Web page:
In 1992, Beenhakker returned to Madrid as a sporting director and was put in charge of the first team in December following the sacking of Radomir Antic. Antic’s dismissal was completely unjustified with Madrid top of the league at the halfway point of the season and in the UEFA Cup quarter finals. A maestro at winning league titles with the Quinta del Buitre, Beenhakker was unable to close the deal with Antic’s team. They were, once again, sent packing at the semi-finals stage of a European tournament by Torino and slowly dwindled away their league advantage. The title went to the final matchday and a spectacular loss to Tenerife handed Johan Cyruff’s Barcelona their second consecutive LaLiga crown. Further salt was added to the wounds later on with a Copa del Rey final loss to Atletico Madrid and Beenhakker was dismissed for a second time.
2. Zinedine Zidane/Fabio Capello
Zidane and Capello are genuinely hard to separate as there are a lot of parallels between their tenures. Zidane’s story is still fresh in most minds and, naturally, doesn’t need recounting. Capello joined Real Madrid for the first time in 1996-97 where he signed some crucial pieces for the team that would eventually break Madrid’s 32 year wait for a seventh European title. His side won LaLiga, however the Italian was lured back to AC Milan that summer and wouldn’t return to the Spanish capital for exactly a decade later.
This time he took over a Madrid side that was suffering one of the worst trophy droughts in its history and, in dramatic fashion, managed to break the duct with his second and Real Madrid’s 30th LaLiga title. He was dismissed that summer due to his pragmatic playing style.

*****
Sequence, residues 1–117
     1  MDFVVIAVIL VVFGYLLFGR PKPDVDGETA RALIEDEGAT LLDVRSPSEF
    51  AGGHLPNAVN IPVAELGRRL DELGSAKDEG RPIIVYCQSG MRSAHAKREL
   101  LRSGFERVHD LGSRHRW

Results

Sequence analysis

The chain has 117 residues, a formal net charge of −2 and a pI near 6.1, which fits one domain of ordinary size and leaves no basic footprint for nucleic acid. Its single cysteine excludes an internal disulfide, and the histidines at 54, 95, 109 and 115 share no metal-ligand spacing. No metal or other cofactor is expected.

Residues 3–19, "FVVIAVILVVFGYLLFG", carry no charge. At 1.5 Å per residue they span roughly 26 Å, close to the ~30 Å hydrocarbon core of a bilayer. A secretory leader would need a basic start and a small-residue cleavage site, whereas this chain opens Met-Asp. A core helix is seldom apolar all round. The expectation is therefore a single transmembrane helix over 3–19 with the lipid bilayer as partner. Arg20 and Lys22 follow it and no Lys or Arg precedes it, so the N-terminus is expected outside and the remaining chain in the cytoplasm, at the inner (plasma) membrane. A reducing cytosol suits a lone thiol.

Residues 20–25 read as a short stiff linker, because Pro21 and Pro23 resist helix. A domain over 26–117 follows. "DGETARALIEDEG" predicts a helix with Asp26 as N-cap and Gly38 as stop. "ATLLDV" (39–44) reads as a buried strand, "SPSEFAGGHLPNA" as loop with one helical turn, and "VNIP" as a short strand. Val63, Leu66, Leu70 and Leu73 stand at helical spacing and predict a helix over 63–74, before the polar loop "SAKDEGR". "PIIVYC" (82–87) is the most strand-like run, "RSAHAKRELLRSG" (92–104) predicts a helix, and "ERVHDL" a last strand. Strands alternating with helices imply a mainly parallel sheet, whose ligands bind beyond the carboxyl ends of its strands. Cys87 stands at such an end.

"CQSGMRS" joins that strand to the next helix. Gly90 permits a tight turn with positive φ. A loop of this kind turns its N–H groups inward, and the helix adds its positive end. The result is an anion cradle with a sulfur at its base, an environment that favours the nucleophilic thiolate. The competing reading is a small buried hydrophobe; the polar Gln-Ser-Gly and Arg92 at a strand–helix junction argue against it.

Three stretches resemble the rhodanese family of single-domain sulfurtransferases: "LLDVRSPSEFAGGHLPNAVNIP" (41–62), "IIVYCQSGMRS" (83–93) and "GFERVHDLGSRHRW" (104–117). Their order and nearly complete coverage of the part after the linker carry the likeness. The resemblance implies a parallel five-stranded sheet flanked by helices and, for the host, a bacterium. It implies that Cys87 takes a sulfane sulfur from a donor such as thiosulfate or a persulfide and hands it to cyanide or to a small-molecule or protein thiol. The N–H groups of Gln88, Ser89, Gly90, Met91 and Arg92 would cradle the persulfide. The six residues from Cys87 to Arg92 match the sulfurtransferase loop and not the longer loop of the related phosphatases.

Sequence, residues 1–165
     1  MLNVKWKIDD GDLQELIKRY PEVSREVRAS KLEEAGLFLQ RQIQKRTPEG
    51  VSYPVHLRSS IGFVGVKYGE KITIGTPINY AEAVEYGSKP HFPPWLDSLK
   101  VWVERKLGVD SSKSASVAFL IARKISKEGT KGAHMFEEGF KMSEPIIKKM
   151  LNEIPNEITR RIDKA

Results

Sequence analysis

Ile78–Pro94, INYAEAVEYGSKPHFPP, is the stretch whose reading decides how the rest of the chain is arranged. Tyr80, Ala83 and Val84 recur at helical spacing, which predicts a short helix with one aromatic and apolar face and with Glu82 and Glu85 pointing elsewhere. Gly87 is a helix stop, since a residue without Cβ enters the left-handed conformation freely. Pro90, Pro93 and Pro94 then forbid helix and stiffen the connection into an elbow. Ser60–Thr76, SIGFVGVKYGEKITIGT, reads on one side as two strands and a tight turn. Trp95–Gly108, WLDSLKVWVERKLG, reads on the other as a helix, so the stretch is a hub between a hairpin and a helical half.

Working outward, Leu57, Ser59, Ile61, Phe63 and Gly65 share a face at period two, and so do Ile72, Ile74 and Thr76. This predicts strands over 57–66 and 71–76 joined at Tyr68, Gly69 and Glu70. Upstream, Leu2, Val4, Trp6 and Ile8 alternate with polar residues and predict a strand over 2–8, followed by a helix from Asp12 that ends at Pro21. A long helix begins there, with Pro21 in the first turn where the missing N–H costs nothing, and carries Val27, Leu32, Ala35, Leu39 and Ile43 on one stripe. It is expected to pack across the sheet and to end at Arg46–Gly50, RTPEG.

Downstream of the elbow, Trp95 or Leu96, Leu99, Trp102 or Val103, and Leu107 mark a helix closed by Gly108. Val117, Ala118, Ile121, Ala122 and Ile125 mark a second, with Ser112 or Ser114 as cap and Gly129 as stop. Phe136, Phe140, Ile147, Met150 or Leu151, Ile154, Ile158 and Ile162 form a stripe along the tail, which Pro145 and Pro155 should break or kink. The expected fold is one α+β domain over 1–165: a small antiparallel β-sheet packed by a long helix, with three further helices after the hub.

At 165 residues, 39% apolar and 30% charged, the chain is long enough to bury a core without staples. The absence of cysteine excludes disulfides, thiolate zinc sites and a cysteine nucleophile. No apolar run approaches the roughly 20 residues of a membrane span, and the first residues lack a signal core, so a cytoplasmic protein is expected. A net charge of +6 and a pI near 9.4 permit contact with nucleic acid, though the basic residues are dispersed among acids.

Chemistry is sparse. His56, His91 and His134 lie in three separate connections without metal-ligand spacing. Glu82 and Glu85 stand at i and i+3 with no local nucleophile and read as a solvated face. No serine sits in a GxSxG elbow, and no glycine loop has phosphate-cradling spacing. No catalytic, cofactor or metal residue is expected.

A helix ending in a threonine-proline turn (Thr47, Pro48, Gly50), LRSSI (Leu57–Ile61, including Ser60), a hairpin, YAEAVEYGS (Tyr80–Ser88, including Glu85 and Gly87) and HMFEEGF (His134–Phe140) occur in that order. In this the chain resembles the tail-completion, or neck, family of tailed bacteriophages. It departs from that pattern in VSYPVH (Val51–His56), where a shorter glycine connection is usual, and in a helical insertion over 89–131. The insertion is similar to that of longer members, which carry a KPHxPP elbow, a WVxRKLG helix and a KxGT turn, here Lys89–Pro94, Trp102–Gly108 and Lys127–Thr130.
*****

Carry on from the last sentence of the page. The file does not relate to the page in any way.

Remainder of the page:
The similarities between Zidane and Capello are that they both took over sides in crisis and were able to produce titles, be it in their reign or after they had left. One might argue that Capello has the edge as he won with two completely different dressing rooms, however, recency bias and the domineering manner in which Zidane’s Madrid won the league crown in 2019-20 has them level for now.
1. Luis Molowny.
The easiest entries of this ranking are bottom and top. Until Zinedine Zidane recently overtook him, Luis Molowny was Real Madrid’s second most successful coach, a record he set across an unprecedented four spells as manager.
Molowny’s story with Real starts when the 21-year-old midfielder joined the club in 1946-47. Known for his impressive goalscoring, Molowny managed a modest trophy haul with Real as a player before finishing his playing days with Las Palmas in 1956-57. Immediately after his retirement, he was hired as Las Palmas coach and, in spite of relegation to Segunda in his second season, remained in charge of side until Real came calling in 1973-74. At that stage, Miguel Munoz had resigned with the team languishing mid-table. Molowny was able to restore some diginity with a Copa del Rey triumph but the sixth place in the league obviously played a role in choosing not to keep Molowny on for a second season.
The former midfielder stuck around the club in different roles before being called upon again in 1977-1978 to take over Milan Miljanic. Going one step further than his first stint, Molowny won the league title and, having been kept on for a second season, retained the crown the following year. In 1978-79, Real Madrid hired Vujadin Boskov to replace Molowny. The Serbian last just over two seasons before Molowny was once again returned to rescue Madrid’s season in March 1982, overseeing another Copa del Rey title.
Molowny final spell in charge of Real Madrid was as the first established coach of the Quinta era. Taking over from Amancio Amaro, Molowny oversaw the last 10 games of the 1984-85 season, a spell which saw Madrid win the Copa de Liga (now defunct) and the UEFA Cup. The following year, Molowny won his third league title as Real Madrid manager and retained the UEFA Cup before departing the coaching role for the final time.
His distinguished record goes a long way to explaining his motto “everything for Real Madrid. Full dedication” and Carlo Ancelotti has alot of work (and a couple more returns) if he’s to overtake Madrid’s most famous fireman.